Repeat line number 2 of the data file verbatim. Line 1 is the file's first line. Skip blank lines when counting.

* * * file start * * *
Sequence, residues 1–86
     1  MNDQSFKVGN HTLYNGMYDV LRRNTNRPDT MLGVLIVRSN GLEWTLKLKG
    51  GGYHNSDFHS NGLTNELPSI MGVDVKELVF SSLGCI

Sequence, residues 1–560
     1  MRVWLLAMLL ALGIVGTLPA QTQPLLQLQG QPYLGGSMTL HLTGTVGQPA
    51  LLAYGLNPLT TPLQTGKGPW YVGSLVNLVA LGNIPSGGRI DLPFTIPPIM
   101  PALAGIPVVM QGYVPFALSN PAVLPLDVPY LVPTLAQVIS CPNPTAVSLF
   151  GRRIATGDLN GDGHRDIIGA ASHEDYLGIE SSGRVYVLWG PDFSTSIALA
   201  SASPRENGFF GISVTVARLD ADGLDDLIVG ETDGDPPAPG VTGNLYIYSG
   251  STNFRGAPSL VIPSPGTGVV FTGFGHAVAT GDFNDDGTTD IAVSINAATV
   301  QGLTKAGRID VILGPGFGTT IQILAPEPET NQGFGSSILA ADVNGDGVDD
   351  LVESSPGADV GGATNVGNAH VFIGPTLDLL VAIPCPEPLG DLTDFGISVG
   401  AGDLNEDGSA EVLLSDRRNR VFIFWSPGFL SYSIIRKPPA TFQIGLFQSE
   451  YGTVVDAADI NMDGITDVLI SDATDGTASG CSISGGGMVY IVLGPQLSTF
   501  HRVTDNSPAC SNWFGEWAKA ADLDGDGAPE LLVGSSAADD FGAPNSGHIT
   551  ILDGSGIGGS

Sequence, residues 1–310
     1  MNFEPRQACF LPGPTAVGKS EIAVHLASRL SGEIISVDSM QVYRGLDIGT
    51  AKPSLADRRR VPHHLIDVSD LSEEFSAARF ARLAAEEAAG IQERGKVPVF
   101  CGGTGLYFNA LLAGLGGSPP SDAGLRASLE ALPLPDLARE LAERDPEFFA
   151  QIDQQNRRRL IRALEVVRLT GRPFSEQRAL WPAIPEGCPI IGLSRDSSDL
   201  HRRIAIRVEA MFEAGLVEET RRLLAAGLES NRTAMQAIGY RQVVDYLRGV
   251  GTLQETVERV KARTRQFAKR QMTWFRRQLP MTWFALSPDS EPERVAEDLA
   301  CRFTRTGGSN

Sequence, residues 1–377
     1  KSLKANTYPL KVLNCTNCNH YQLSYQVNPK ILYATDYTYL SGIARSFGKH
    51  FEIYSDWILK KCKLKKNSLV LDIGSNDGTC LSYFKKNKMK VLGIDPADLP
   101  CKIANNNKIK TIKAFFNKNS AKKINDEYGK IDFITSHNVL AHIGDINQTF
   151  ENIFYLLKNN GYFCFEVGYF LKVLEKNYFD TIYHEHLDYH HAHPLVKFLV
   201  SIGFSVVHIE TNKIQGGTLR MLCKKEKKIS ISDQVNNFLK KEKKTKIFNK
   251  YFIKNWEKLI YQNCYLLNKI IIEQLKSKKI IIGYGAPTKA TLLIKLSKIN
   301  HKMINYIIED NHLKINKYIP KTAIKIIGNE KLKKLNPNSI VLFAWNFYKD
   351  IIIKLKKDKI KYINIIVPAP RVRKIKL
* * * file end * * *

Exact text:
     1  MNDQSFKVGN HTLYNGMYDV LRRNTNRPDT MLGVLIVRSN GLEWTLKLKG